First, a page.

I’ve been drawing the long straw every time on accommodations. Statistics were mounting in my disfavor, and true to form, I drew the short one last night. Not because of the place itself, although it felt more hotel-like than the last two which were homey. But because of some jack weasel somewhere (not in the hotel, but in a nearby house I think) was playing loud music all. night. long. Finally, it stopped at 5am. I’m not joking. I slept until 6,then was up for good. I decided to just hang in my room and relax instead of going down for breakfast. I had a blueberry muffin and a banana from my pack, got my stuff together, and met the sheep wagon at 9. I’m glad this is the last day. I’m tiring of the bus, and you can feel that the others are as well. Five days of fast travel is tough- even worse when you have no control.

The night’s accommodations.

It was sprinkling, but just barely a breeze. And I could see patches of blue in the distance. The driver put on “Here Comes the Sun”, and as the first few notes started,ย  everyone was laughing and joking that they hoped so! We made one little scenic stop. Then, we made a 30 minute stop at the Falls of Foyers. There was a perfect little sun-dappled path through the most magnificent trees. The kind of path that leads to something magical. I was 6th off the bus, so I had people ahead of me. We got to a T in the trail. They all headed left. I stopped to ponder- follow my herd, or stray? And while I pondered, I heard a cat. Not just any cat, a cat in distress! It was the same mournful/frantic sound my cat made when he was stuck in a tree for three days. I heard it again. The sound was coming from the right. And again. I had to see if I could find him! There was no one going that way (everyone passing me was going left). I took off to the right. I crossed a bridge (that I’m quite certain is the home of a troll) and walked down the path, ears alert for meows. I didn’t go very far, until a saw a darling little cat running down the trail frantically meowing at me! His tone changed when he saw me and he started rubbing on my legs as I petted him and asked if he was lost. He didn’t feel skinny, and he was sooooo friendly! It’s almost like he was expecting me, and made that distress call knowing it would get my attention. As I petted and talked to him, some other people started walking toward us. The little cat ran up the trail and looked back. The lady bent down to coax him over, but he just turned his tail and ran away. Do fairy kings ever take on the form of a cat??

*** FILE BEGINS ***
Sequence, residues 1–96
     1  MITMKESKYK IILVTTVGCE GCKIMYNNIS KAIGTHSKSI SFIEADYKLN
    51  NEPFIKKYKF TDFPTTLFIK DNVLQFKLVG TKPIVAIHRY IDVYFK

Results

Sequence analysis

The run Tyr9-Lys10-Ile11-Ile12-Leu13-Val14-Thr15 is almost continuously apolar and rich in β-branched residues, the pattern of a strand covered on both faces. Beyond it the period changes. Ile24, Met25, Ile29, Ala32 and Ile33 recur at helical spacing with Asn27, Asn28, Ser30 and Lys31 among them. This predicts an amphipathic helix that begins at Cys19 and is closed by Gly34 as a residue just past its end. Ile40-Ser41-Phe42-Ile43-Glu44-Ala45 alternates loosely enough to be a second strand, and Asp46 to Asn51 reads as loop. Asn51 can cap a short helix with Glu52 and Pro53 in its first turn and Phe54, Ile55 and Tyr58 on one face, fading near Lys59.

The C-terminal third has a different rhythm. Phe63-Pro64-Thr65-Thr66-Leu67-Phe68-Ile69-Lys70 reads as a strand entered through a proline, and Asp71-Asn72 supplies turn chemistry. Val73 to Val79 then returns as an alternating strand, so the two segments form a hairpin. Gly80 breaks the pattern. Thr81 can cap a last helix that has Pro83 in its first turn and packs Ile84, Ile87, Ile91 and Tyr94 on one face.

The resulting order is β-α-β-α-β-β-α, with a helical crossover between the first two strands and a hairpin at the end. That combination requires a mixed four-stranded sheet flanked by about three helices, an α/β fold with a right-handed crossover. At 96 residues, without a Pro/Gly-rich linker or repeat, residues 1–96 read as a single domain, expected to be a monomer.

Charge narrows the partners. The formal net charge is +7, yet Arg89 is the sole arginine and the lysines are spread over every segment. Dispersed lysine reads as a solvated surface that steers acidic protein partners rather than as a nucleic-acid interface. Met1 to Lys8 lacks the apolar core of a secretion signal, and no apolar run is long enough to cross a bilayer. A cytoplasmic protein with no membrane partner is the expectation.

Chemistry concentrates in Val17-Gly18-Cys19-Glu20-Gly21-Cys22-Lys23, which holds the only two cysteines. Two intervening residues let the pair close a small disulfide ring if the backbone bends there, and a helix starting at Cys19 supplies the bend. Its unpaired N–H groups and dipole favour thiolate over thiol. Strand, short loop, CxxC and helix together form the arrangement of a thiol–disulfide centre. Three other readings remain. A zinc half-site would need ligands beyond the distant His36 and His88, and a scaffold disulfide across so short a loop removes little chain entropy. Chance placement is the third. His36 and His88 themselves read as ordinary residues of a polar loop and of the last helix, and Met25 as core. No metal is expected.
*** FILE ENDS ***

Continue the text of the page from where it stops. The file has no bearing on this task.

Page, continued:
I’m sure they do, and that was the fairy King answering my prayers about the weather from day 4! The skies were blue, the sun was out, and the air was just crisp enough to make your skin feel alive. I headed off down the trail to see the Falls of Foyers. Snapped a few shots, then headed off down the other way. The cat was no where in sight, but this place, for me, had felt the most magical by far. I can’t explain it. The waterfall, the trees, the cliffs, the paths. I don’t know. Some feelings you never have an answer to “why” for.

The drive through the countryside was wonderful!! Super narrow, winding roads through trees and hills, past dark lochs and hidden magic. You could feel it. Next stop, a scenic view of Loch Ness from the opposite side! I was THRILLED, because I forgot to take a video about it for my class yesterday! I almost picked up a rock as a souvenir, but decided against it.

These cows were running as fast as they could down this hillside! I like to think it was for the sheer joy of this place. I’m guessing food may have played a role, however. ๐Ÿ˜‰